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Reasonable care for tax (financial) advisers

Reasonable care for tax (financial) advisers

When providing tax (financial) advice services, the Code of Professional Conduct (Code) requires you to take reasonable care in:

  • ascertaining your client’s state of affairs (Code item 9)
  • applying tax laws correctly to your client’s circumstances (Code item 10).

What reasonable care means will vary depending on the circumstances, so you must exercise your professional skills and judgement considering factors such as:

  • the terms of engagement you have with your client
  • the nature and scope of tax (financial) advice services being provided
  • your client’s level of knowledge and experience
  • the complexity of the transaction.


Ascertaining a client’s state of affairs

To ascertain your client’s state of affairs, you do not have to necessarily audit, examine or review your client’s records. However, you should not simply accept what your client provides or tells you at face value.

If your client’s statement seems credible (and for existing clients, it is consistent with their previous statements), you may accept their statement without further checking.

On the other hand, if the information does not seem credible (or is inconsistent with previous statements), you should ask questions of your client or examine their records to verify their circumstances, depending on the terms of engagement.

Other circumstances when further enquiries may be required include:

  • a change in your client’s circumstances
  • whether the client is new or inexperienced
  • new or substantial changes in the law.

Comparison with the Corporations Act

Below are some obligations under the Corporations Act 2001 that are comparable to those under Code item 9, requiring the person providing the advice to:

  • make reasonable enquiries to obtain complete and accurate information relating to client’s relevant circumstances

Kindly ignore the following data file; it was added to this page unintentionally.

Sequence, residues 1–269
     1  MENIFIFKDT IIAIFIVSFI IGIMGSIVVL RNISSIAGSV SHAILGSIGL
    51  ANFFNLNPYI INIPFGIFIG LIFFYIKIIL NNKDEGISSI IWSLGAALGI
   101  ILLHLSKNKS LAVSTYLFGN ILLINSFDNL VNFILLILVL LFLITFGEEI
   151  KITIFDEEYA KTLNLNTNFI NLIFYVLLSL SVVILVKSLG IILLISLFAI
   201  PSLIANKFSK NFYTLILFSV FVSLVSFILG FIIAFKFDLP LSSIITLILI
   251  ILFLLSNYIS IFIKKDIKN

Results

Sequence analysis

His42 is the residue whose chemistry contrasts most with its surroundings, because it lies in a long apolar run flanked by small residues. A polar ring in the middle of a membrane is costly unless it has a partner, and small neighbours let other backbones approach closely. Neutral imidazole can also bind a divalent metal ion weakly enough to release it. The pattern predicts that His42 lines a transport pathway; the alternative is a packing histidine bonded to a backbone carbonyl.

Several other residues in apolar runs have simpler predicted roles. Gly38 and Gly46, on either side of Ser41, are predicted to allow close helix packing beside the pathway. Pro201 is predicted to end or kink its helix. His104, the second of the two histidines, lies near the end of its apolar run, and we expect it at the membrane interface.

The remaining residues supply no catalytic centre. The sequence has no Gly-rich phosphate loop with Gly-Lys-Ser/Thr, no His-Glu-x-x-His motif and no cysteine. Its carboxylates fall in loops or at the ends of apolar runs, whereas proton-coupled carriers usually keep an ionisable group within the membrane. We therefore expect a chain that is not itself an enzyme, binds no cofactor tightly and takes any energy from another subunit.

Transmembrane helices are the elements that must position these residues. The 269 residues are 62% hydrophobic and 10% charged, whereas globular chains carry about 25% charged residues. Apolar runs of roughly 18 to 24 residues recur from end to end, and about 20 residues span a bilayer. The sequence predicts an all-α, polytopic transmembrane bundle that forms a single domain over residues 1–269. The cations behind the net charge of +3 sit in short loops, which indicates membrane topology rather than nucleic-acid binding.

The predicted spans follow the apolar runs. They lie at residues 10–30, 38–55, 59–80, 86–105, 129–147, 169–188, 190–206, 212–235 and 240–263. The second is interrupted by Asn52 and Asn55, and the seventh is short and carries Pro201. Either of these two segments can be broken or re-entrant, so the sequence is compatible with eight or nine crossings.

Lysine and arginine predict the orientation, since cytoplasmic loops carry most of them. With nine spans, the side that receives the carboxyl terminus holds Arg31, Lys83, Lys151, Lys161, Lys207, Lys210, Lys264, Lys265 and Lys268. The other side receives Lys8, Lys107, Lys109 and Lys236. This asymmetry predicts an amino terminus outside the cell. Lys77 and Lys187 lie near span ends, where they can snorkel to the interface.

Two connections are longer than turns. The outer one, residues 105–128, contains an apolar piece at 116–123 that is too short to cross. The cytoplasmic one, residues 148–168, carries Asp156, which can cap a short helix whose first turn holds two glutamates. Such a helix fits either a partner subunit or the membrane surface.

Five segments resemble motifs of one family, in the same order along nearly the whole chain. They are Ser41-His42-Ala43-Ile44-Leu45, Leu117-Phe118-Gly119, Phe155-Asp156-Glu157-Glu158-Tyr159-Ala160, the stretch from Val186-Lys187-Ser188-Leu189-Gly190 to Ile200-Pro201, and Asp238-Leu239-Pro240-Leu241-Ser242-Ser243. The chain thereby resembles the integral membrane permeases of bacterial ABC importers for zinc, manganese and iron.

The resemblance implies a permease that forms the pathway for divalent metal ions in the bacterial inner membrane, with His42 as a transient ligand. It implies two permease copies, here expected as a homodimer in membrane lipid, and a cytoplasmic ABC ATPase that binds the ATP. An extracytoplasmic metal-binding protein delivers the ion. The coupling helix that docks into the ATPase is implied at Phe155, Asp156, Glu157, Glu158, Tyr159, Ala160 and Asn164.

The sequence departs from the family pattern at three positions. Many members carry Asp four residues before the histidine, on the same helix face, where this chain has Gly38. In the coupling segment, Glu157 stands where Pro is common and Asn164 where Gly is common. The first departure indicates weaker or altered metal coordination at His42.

• warn the client, where the client’s information is incomplete or inaccurate, that the advice provided may be incomplete or inaccurate, and to consider if the advice is appropriate before acting on it
  • decline to provide advice if they do not have the expertise required to provide advice on the matter.

For further information about Code item 9 and the comparative obligations, refer to TPB(I) 28/2016 Code of Professional Conduct - Reasonable care to ascertain a client's state of affairs for tax (financial) advisers


Ensuring tax laws are applied correctly

This Code item requires you to interpret and apply tax laws correctly to your client’s circumstances.

If you make a mistake in correctly applying tax laws, it does not necessarily mean that you have failed to take reasonable care. However, if you made a mistake because you did not take reasonable care, it could be considered a breach of the Code.

To ensure you take reasonable care in applying tax laws correctly, you may refer to a number of materials including legislation and other relevant materials issued by the Australian Taxation Office, recognised professional associations, specialists or other registered tax or legal practitioners.

Comparison with the Corporations Act

There are some obligations under the Corporations Act 2001 that are comparable to those under the Code item 10. They require the person providing the advice to a retail client to:

  • act in the best interests of the client in relation to the advice
  • only provide advice if the resulting advice would be appropriate to the client.

For further information about Code item 10 and the comparative obligations, refer to TPB(I) 29/2016 Code of Professional Conduct – Reasonable care to ensure taxation laws are applied correctly for tax (financial) advisers


Failure to take reasonable care

If you fail to take reasonable care in ascertaining a client’s state of affairs or applying taxation laws correctly to your client's circumstances, we may find that you have breached the Code and impose sanctions for that breach.


Further information


Last modified: 4 June 2020